Medina: Yes, for more popular music, Kenyan musicians cater to almost every taste. My favorite band is Kayamba Africa, whose music features Kenyan culture.
Joshua: I like the Them Mushrooms - they play more alternative music, and make Afro-Fusion music more catchy.
Medina: Other bands are, for example, Yunasi, Nairobi City Ensemble, and the Metric Jazz Band.
Joshua: They’re all great artists. So now, let’s move on to popular sports. Medina, what is Kenya’s best sport?
Medina: That’s easy! When you mention sports and Kenya, the large number of world-class distance runners immediately comes to mind.
Josh: Right. Kenyans have traditionally performed well in international track competitions. Having said that, soccer is no doubt the most popular sport in Kenya. People are nuts about it!
Medina: While tribe is generally important in Kenya, soccer remarkably crosses both ethnic and class lines.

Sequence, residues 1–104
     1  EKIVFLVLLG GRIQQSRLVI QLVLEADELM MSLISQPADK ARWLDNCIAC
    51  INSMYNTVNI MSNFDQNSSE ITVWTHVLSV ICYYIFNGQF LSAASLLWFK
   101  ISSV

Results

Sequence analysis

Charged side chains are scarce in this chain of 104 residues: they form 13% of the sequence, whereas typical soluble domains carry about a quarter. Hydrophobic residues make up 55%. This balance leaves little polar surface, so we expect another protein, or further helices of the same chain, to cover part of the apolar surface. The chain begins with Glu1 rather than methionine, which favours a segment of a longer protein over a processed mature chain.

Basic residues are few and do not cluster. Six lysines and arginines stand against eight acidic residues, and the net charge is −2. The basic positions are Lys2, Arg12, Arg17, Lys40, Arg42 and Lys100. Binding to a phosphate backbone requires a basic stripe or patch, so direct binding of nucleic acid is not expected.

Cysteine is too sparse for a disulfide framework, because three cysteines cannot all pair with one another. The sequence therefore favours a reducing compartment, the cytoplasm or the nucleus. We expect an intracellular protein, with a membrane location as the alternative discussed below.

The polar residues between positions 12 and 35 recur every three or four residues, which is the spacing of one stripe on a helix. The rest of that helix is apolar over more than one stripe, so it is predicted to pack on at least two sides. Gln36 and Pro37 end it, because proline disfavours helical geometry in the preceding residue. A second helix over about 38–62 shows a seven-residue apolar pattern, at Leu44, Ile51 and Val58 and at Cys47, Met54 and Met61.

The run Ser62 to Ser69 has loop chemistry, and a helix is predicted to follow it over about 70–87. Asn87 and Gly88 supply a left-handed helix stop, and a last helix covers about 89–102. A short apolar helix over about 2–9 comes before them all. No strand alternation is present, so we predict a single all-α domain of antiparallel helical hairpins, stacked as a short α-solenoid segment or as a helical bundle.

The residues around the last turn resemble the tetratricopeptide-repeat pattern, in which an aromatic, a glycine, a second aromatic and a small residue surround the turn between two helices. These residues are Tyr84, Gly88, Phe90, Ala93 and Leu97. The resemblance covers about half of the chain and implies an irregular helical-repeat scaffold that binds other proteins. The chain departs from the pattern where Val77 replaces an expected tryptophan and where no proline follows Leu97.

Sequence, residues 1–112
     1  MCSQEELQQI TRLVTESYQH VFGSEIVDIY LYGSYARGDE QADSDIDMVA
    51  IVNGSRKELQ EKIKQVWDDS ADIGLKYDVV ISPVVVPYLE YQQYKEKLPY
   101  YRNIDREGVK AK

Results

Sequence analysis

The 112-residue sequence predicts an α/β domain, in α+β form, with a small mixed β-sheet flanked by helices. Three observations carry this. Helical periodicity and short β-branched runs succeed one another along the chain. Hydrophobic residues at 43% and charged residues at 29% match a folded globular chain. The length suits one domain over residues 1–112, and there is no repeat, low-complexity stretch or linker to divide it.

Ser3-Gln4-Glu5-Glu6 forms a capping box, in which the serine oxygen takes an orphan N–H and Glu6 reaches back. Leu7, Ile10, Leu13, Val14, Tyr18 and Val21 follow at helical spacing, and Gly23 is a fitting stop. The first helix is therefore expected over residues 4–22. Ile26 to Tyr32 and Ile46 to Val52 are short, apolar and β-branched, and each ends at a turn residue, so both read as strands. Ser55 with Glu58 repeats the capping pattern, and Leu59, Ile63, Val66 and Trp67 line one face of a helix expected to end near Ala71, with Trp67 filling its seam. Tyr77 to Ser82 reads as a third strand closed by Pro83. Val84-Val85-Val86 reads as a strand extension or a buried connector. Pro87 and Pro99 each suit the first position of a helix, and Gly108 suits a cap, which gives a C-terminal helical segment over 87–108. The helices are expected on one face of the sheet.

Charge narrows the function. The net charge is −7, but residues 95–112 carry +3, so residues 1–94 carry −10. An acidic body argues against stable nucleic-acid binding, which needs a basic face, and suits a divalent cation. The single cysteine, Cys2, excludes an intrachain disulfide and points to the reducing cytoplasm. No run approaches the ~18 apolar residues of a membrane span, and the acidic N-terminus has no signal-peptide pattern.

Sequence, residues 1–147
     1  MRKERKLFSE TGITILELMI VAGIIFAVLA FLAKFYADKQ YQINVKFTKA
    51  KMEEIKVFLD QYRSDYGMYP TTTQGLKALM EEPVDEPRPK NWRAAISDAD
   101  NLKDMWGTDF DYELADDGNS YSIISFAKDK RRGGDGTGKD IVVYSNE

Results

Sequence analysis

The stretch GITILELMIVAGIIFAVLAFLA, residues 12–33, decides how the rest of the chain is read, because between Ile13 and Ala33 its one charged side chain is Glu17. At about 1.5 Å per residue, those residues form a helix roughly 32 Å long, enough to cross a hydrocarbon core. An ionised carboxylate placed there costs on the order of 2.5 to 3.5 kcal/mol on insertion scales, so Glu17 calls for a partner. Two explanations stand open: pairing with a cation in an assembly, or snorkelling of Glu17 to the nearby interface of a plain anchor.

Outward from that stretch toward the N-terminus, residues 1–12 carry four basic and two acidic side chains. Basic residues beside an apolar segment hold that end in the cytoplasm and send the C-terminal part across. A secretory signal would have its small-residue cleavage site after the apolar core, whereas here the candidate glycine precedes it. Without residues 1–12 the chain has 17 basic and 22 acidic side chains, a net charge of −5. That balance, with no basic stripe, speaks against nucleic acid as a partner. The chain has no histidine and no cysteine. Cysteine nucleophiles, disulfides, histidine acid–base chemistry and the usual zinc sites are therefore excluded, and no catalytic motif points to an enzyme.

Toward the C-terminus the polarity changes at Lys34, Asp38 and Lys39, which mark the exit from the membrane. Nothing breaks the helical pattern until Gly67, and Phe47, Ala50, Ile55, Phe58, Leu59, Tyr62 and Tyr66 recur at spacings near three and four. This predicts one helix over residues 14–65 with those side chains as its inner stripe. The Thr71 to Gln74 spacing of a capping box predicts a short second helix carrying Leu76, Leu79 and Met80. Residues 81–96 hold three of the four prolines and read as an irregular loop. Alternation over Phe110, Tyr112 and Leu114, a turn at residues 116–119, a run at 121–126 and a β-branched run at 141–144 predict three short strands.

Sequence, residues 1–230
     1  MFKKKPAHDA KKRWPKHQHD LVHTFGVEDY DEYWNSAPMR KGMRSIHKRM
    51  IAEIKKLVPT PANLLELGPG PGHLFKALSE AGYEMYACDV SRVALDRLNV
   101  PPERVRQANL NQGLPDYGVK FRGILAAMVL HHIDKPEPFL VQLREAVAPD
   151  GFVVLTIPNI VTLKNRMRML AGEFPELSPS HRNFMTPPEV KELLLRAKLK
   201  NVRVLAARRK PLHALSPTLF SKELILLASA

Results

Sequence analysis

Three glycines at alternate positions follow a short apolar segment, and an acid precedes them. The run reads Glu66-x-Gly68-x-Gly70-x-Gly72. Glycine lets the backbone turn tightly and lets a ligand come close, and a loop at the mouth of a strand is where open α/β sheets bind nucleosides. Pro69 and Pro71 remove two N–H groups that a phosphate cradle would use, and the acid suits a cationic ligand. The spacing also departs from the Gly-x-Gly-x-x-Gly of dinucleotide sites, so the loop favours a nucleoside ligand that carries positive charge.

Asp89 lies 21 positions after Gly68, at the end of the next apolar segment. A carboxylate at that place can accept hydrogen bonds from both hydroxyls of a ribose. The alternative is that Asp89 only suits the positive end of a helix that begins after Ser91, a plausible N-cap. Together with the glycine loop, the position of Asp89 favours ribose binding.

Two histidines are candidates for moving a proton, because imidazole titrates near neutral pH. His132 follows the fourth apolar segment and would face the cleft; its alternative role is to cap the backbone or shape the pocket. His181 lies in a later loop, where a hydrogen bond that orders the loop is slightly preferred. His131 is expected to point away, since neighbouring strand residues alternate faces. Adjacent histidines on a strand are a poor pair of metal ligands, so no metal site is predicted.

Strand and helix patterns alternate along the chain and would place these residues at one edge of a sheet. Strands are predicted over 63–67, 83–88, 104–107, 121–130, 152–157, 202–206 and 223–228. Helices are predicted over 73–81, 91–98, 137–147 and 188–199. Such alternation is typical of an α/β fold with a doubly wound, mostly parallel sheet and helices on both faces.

Joshua: Kenyans are glued to the television during the World Cup, and every season for the premier league.
Medina: Besides these two sports, Kenya excels in hiking, diving, deep-sea fishing, and dhow sailing.
Joshua: Kenyans really like to skate too, so it’s no wonder the country is home to East Africa’s first skating rink in Panari.
Joshua: So, if you are in Kenya, you’d better get ready to be bombarded with sports from every discipline
Medina: Yeah, it’s hard not to be interested in sports in Kenya.
Joshua: (laughs) You’d be left out of conversations way too often. So what’s next.
Medina: Now let’s move on to international pop culture
Joshua: Examples of its influence can be found all over Kenya.
Medina: I think that's just logical!
Joshua: I’d say the whole world is becoming one global village.
Medina: Definitely, and Kenya is no different!

Outro

Joshua: Well, those were our top 5 pop culture topics. Thanks for listening, everyone, and we’ll see you next time.
Medina: Kwa heri!

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Hi listeners! What do you know about Kenyan pop culture? Any recommendation?